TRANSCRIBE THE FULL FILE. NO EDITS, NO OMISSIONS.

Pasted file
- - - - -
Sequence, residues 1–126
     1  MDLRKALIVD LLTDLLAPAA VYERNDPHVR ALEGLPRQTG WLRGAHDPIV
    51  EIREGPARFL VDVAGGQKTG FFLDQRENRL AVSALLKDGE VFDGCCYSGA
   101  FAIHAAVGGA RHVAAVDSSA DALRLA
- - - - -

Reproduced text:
Sequence, residues 1–126
     1  MDLRKALIVD LLTDLLAPAA VYERNDPHVR ALEGLPRQTG WLRGAHDPIV
    51  EIREGPARFL VDVAGGQKTG FFLDQRENRL AVSALLKDGE VFDGCCYSGA
   101  FAIHAAVGGA RHVAAVDSSA DALRLA